In yesterday’s post, How To Win At Delegation, I talked about how both you and the person you’re delegating to need to be mature enough for the process to work. If either of you has the maturity of Charlie Sheen, you’re probably in trouble … But hey, at least you’re “WINNING!”
Today, I continue the discussion with a couple of concepts every leader should understand before delegating.
- What’s your end game? – A common mistake many leaders make is delegating tasks. The problem with this concept is you don’t really get any buy-in from the person. What you get is someone who will basically only do what you’ve asked of them. In an upcoming EntreLeadership Podcast interview with Stephen M.R. Covey, he explains the importance of delegating RESULTS, not tasks. This way, the team member takes ownership and is working with the end in mind instead of just the next thing on the list to accomplish.
- Become a waiter – The most important piece of delegation is being there to serve the person to whom you delegated. It’s a safe bet that you will always hear me say, “It is every leader’s job to make their team successful, especially when delegating.” You have to make sure they have every question answered; have all the tools necessary to complete the task; and consistently check with them, making sure they completely understand what the task is and if they have any more questions. Immature leaders hear this and say, “Shoot, I might as well just do it myself.” Yes, if you plan on spending the rest of your days growing your business at the speed of smell.
- More please (said in a British accent) – As they begin to show you how well they are doing with the process, start lengthening the rope of responsibility and authority. Allow your team to make the necessary decisions to complete the project. If you give someone the responsibility (e.g., put their neck on the line) but don’t give them the authority to make the decisions needed to be successful, then you’ll have a completely demoralized team member who doesn’t want to take risks for you ever again.
Along the way, be sure to ask their thoughts and ideas for the task. Then, you can gauge their progress and how much input is needed. Who knows? They might say something you didn’t think of.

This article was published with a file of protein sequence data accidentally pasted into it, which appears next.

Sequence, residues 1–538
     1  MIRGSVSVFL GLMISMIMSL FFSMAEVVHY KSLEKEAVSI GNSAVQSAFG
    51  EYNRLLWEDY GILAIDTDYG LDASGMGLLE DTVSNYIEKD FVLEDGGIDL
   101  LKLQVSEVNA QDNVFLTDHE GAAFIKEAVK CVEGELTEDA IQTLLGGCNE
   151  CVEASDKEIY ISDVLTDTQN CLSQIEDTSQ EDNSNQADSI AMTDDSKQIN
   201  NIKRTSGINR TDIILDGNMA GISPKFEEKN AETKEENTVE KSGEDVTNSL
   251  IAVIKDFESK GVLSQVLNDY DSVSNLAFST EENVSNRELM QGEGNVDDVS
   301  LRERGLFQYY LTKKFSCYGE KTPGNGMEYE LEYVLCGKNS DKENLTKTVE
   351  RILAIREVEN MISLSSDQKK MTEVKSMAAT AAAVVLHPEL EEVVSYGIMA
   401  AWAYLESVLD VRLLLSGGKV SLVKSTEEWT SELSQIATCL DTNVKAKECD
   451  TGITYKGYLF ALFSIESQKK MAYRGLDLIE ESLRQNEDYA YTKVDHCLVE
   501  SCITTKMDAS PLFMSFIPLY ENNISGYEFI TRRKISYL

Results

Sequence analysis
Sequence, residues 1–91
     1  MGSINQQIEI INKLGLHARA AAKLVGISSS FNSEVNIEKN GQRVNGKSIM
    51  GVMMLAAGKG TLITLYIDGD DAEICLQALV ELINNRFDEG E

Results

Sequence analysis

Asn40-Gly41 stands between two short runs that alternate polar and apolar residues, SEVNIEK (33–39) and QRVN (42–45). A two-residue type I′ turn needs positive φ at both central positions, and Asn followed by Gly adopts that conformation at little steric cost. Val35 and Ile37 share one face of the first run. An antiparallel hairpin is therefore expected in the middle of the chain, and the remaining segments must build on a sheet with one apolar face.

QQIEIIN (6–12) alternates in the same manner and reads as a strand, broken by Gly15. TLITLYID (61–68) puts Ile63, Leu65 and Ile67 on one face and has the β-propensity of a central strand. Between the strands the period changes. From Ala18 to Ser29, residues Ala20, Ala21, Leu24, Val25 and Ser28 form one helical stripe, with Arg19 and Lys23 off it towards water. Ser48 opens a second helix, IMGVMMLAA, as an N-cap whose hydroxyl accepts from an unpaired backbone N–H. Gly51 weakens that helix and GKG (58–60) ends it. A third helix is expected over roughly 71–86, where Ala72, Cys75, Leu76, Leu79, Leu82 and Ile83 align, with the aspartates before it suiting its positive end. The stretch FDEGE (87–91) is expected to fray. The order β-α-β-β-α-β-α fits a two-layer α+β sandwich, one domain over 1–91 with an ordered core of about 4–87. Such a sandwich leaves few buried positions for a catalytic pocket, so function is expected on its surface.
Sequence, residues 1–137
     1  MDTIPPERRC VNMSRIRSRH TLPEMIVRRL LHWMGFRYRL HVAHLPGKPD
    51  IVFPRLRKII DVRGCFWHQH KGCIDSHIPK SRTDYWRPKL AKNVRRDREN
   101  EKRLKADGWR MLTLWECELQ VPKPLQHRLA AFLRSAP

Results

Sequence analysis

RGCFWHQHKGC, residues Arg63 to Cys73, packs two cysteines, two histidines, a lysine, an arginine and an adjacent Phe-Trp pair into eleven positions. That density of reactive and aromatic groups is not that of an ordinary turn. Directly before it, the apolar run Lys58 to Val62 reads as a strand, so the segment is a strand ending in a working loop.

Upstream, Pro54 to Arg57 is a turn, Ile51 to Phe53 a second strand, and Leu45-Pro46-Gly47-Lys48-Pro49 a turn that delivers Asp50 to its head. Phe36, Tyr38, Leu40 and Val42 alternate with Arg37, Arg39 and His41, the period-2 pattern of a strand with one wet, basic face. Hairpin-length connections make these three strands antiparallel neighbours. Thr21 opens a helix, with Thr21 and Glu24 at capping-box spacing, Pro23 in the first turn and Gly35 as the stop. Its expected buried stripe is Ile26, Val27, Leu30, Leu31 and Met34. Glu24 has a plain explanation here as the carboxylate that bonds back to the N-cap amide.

By the way, these tips can ALL be done with your kids if you’re a parent!
Question: What have you done to make the delegation process successful?
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12 thoughts on “Part Two Of How To Win At Delegation”
I loved this two part post on delegation! I can’t wait to hear Stephen M. R. Covey’s interview on the next podcast! One question I have is how do you know how much authority to give an employee on a project? (said in an American accent)
That’s a letting out of the rope…thing. You have to see how far along they are, then let out more. Make sense? (said in a Jamaican accent)
Got it. Thanks!
I think much of the trouble with delegating is that so often we don’t trust ourselves enough to let go to allow others to do what they need to do. The first step of delegation is to believe in our own abilities enough to let go.
Absolutely. That trust comes as we mature.
‘delegating results not tasks’ – thanks for this, that line has just totally revamped how i view delegation
Yeah, it was a breath of fresh air when he said it.
It is true that while delegating the leader takes a risk. There is chance of both failure and success. In a function, a leader would normally be aware of the strengths and weaknesses of his team members. A leader should be able to delegate the work in such a way so that the concerned team member is able to play his strength and also, at the same time, move out of his comfort zone.
Not in answer to your question, but i like your explantion of why we need to delegate, in case we ever had any doubts. I suspect “growing your business at the speed of smell” is bound to take forever, in other words, if we are to succeed at home, in the workplace, we have to delegate and do it effectively. Good stuff!
Hahaha…yes, speed of smell is slow. 🙂
We have just hired three new team members and I am so excited about being a “leader” this year, instead of just assigning tasks. Two team members are learning fast and completing their work very competently. However, I am concerned that one person we hired is very slow at her work, and seems to be doing as little as possible to get by. I don’t feel comfortable leaving her alone to work yet. She is a ‘s’ personality, so it may be that she is still uncomfortable in her environment and needs more time. At what point do I address this, she has to be able to work alone at some time!
Address it now. Communicate early and often. Open it up and ask her why she thinks she’s not up to speed.